Monday, December 31, 2012

No Es De Vaquero



Pero esta cerca.

If my niece learned anything in her high school Spanish class that should mean its not a Vaquero but its close.

Ruger Blackhawk in 45 Colt.  Super Blackhawk hammer for the lower spur, Belt Mountain base pin, Bowen sights and a trigger job that's slicker than buzzard snot.   I'll have to get a belt and a holster and maybe some ebony grips but I am muy pleased with this trade.

Sunday, December 30, 2012

.22 CCM Part One

A good friend of mine is a realtor.  I don't hold it against him.  He just cant help it.  Its his nature to buy and sell and haggle.  He's good at it and has a lot of fun doing it.


He has so much fun that he sometimes haggles and makes deals on my behalf and then lets me know about them later.  A case in point led to this post.

A mutual friend had a Cooper rifle in .22 Cooper Centerfire Magnum and had decided to sell it.  My realtor buddy told him that if anybody else in town would want the thing, it had to be me.   I looked at it and it was a beautiful little rifle.  The wood is so perfectly checkered and the lines so crisp you first think the stock is plastic.  It has three forward locking lugs and two extractors on the bolt.  Its little but it is really built.

The Cooper was a neat little gun but far to pricy for my budget.  I told my buddy that I really liked it but couldn't afford to spend the money.  Being the kind of guy that he is, he said he'd hold it as long as I wanted.  No handshake or down payment were necessary.  It was on hold come hell or high water until I told him different.

Fast forward two or three years (years!) and I have some disposable income.  The rifle was still there and my friend needed to pay property taxes and buy tags for three vehicles so I decided it was time to redeem the little gun and take it home.



Now I'm the proud owner of a fancy little rifle in .22 CCM, a few hundred empty cases, two sets of dies and I have no idea what to do with it.  You see, the .22 CCM  is sort of a center fire, reloadable 22 Winchester Magnum Rimfire.  The picture below shows a 22 WMR on the left and a 22 CCM on the right.  The CCM case is a tad longer.  Sort of like comparing a  458 Win Mag. to a 458 Lott.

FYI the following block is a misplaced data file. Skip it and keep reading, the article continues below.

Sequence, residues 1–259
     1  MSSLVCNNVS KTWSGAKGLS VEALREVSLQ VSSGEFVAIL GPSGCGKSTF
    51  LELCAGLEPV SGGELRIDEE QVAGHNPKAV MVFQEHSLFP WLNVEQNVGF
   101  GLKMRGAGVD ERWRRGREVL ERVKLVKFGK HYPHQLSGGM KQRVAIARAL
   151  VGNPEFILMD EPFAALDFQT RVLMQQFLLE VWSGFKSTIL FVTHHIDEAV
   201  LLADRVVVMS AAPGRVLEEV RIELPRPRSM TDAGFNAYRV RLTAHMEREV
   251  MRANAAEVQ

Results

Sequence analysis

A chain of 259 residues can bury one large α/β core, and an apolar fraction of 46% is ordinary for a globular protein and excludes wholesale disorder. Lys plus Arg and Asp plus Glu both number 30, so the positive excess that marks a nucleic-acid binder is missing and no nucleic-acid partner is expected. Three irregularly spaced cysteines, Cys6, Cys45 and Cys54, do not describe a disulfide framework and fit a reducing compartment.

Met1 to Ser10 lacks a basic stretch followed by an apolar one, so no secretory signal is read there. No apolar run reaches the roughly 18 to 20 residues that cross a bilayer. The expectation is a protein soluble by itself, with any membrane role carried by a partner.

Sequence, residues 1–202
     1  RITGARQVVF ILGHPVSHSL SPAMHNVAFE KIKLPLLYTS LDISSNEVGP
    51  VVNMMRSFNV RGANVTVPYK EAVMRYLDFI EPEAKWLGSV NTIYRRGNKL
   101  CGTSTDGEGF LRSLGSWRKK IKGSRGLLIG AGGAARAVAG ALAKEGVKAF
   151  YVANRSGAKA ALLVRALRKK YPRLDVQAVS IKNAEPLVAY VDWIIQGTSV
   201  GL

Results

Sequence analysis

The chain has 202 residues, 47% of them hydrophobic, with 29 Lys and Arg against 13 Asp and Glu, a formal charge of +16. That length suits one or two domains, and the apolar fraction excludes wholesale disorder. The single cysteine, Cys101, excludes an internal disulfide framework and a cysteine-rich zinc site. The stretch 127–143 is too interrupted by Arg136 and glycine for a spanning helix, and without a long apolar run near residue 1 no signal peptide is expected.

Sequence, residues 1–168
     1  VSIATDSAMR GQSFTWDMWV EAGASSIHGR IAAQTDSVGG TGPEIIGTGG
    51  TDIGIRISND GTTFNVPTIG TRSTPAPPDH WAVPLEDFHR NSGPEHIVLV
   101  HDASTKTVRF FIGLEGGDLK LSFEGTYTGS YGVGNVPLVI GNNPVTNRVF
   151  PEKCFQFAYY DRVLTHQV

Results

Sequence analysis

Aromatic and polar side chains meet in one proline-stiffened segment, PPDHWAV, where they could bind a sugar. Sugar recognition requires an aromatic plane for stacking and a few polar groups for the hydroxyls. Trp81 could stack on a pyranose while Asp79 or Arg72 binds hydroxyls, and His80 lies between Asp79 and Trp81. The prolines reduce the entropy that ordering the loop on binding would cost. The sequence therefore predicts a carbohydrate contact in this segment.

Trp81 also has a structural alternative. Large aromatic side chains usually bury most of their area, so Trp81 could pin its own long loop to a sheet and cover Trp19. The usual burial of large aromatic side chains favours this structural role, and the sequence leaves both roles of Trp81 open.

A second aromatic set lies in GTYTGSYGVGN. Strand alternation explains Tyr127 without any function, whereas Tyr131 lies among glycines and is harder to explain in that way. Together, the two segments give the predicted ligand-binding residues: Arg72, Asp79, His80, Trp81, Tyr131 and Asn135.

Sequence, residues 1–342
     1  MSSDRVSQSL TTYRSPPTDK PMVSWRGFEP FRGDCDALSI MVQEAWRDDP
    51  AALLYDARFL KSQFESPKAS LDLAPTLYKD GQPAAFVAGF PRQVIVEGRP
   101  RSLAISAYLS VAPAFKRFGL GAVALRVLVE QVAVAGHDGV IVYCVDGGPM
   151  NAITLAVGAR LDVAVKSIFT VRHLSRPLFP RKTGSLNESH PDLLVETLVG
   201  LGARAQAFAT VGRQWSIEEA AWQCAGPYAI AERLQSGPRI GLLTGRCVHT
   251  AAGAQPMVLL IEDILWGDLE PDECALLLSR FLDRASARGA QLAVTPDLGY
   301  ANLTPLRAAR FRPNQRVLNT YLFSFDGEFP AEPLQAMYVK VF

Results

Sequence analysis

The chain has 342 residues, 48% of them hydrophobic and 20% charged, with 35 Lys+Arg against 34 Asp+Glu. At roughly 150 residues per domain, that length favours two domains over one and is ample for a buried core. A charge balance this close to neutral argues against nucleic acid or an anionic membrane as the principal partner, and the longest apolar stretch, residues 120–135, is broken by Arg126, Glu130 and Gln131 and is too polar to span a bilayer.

In reality, its performance puts it between the 22 WMR and the 22 Hornet.   Like the .50 Beowulf, it seems to be the answer to a question that hardly anyone has asked.  I'm not saying that's a bad thing.  In fact,  I kind of like it but what's it gonna be good for?

The .22 CCM will fire a 37 grain bullet at a muzzle velocity of about 2300 fps.  That will do  in anything from a marauding squirrel to a coyote so its not useless.  Ought to be hell on turkey necks too.  We do have coyotes in the neighborhood and the squirrels have gotten right brazen this year.


From the price I paid for it, I infer that the .22 CCM will kill squirrels five to ten times deader than a Marlin in .22 WMR kills them.  I suppose that extra horsepower might be comforting when charged by a Leprous armadillo as well.


The little Cooper came with Leupold bases but no scope rings so I made a trip to Gander Mountain for those.  I have a 1950's vintage Savage 99 that was wearing a late model Leupold scope and it just never looked right.  I already had an old Weaver scope for the Savage and now seemed like the perfect time to put it on and put the Leupold on something more appropriate.

The Leupold came off the Savage and the Weaver took its place.  Now the Savage looks like a rifle its age should look and the Weaver is bright and clear so it should do well in the woods.  The Leupold went on the Cooper.  I bore sighted it by sighting down the bore at the eagle emblem on the back of a 65 Chrysler Imperial and then adjusted the scope to match where the bore was pointed.